"March for Our Lives"–A Poignant Display of "Healthy Anger"
Teens can constructively manage both suffering and the anger it arouses.
Posted Mar 24, 2018
I was deeply moved this weekend by the thousands of our nation’s teens gathered together across our nation, pleading for their lives by voicing concerns about gun safety. Energized by fear, grief and anger, at a time when adults have failed to sufficiently protect them, these teens have united together to constructively seek change. They assembled with the slogan “March for Our Lives” rather than isolate, fall into hopeless despair, destructively act out their anger or suffer in isolation.
They’re angry, maybe even rageful. But most of all, they are suffering. They feel that no one is listening, that no one even cares to hear about their pain. They’re forced to feel invisible against the words and actions of those who wish they would just go away. They feel powerless against those in government and those who financially support government–and those who may even promise action, but fail to commit to their pledge. And, it is glaringly evident that they recognize the inability of their parents’ efforts to protect them.
Observing the crowds and hearing their words, it becomes evident that this movement reflects a diverse coalition, galvanizing of people of different race, religion, ethnicity and region–coming together, not just to oppose mass shootings or gun violence in schools–but to show a commitment to reduce gun violence in all communities. It is a movement determined to wholeheartedly and genuinely affirm that all lives matter.
The demonstration reflects the epitome of “healthy anger”, anger articulately and eloquently expressed in a constructive way– uniformly recognizing and acknowledging sadness, frustration and feelings of powerlessness–and life-affirming in both its message and purpose. It is assertive communication at its best, clearly and authentically stating a need for compassion, not only in words but also in action. It is an example of healthy anger in response to a threat to the key desire for safety and life itself. It is an example of healthy anger in response to a real threat rather than one built on perception alone. And it is healthy anger in its clear plea for very specific actions to address their suffering. We could only hope that all teens could cultivate healthy anger in a manner they displayed today.
For far too long teens have been marginalized. They feel forgotten by adults who have forgotten what it was like to be a child or a teen. They feel forgotten by adults whose emotional lives have been constricted in empathy and compassion, distracted by other concerns they have chosen to prioritize. And all too often, it seems to them that compassion has eroded, as if compassion is finite and reserved for only select individuals and under increasingly narrowly defined conditions. They see compassion that is all too often expressed by words and not by action.
The fact that this movement is being led by teens makes it that much more remarkable and powerful. With all the complaints about the negative impact of the Internet (many that are justly deserved) it is the Internet that enabled these teens to create a coalition. These are teens who have come together, face-to-face, rather than screen-to-screen, to share, to bond, and to be part of a cause larger than themselves.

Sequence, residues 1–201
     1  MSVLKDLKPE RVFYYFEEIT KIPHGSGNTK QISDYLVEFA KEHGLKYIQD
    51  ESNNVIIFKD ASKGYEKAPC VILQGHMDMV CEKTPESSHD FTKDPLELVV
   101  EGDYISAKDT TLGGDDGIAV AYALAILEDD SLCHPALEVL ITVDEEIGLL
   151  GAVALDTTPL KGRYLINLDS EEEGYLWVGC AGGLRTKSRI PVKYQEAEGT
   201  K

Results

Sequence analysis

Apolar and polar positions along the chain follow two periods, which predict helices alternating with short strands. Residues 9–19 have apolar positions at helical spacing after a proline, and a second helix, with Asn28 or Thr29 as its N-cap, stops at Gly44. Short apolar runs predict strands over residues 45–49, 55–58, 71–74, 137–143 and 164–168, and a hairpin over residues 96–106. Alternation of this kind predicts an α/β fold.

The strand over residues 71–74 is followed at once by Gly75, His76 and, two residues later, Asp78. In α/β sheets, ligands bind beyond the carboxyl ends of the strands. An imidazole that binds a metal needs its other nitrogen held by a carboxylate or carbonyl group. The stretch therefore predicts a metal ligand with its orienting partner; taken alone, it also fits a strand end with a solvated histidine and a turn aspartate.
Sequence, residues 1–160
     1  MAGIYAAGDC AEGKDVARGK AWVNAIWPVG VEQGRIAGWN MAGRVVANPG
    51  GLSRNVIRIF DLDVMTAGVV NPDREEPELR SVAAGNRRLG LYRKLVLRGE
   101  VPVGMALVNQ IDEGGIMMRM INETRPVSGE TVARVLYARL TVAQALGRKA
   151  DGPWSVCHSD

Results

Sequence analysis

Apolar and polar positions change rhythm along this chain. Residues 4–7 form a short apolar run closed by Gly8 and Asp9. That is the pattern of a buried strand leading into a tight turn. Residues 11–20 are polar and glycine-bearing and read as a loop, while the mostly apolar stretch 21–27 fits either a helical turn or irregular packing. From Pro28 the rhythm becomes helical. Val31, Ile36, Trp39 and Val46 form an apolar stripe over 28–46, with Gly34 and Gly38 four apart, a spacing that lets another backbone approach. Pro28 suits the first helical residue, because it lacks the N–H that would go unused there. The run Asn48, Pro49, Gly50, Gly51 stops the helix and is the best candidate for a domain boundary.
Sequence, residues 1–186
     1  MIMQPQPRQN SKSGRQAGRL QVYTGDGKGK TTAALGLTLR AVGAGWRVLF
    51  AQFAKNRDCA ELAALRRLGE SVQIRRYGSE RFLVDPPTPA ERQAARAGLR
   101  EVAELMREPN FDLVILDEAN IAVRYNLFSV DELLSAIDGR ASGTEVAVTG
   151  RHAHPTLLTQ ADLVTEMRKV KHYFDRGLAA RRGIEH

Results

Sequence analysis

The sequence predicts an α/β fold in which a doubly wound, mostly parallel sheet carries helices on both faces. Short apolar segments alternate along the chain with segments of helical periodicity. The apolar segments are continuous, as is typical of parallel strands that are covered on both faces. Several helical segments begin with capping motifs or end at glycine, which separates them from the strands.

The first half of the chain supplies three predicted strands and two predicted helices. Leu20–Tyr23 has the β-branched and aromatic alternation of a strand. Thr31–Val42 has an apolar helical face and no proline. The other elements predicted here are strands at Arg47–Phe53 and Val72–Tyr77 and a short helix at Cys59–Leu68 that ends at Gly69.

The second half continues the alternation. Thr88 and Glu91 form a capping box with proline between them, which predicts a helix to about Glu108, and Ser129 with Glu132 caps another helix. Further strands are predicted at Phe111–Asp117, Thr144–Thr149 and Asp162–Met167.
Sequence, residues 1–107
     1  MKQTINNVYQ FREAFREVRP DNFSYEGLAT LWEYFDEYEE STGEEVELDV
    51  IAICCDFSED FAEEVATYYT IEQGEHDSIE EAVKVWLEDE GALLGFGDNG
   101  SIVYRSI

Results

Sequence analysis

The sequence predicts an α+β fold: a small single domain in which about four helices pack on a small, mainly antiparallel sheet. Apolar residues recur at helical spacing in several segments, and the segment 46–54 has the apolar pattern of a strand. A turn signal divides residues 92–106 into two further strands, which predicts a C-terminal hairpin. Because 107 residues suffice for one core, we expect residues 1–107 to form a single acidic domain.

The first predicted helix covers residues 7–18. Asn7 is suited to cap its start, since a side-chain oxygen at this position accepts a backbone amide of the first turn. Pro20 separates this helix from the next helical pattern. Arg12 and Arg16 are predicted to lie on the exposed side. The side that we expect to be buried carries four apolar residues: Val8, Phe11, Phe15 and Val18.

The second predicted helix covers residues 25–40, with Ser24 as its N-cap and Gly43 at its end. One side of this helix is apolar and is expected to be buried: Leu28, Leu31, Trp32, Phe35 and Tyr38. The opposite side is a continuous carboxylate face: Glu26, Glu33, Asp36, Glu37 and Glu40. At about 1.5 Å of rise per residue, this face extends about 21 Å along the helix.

Their cause them meaning, camaraderie, validation and support, something each and every one of us needs but which is especially meaningful for teens and healthy maturing. Regardless of anyone’s perspective regarding guns, how they coalesced and managed their demonstration has to be admired.
Each of us feels the need to be connected. This is especially true of teens. The tasks of adolescence include forming an identity that includes ways of dealing with frustration, increased independence, developing impulse control, and increasing the capacity for self-reflection. How they helped to form the event and the eloquence of their speeches can serve as model for all teens as a way to address this challenge. And so they organized, gathered together to channel their energies hoping that in numbers they can make their voice loud enough not only to be heard but also to truly impact how others treat them. They seek common sense legislation regarding guns.
This movement is fueled by the same idealism that has spurred any significant change that we have witnessed. It reflects the idealism that is so often part of adolescence, idealism that is too often and quickly mocked or minimized by adults.
As a psychologist I have witnessed the everlasting pain in parents who have lost a child to gun violence. I’ve also seen individuals who have lost a sibling to gun violence. The teens that have amassed in our cities this weekend are determined to diminish such suffering. For that, they should be applauded.
Perhaps there is a reason why “Life, Liberty and the Pursuit of Happiness” was written in this particular order in the Declaration of Independence. It was not “liberty, happiness and life”. We need to honor this foundational premise, not because of blind allegiance to the written word of history, but based on a need for compassion based on our shared humanity. This is the overriding message by the mass of teens that marched this weekend.
The challenge they now face is to translate their energy and focus evidenced this weekend into a committed and on-going effort to have effective and rational legislation. I wholeheartedly praise them for practicing healthy anger and thank them for their message and for once again instilling optimism regarding our future, as individuals and as a nation. I thoroughly wish for their success–for them–and for all of us.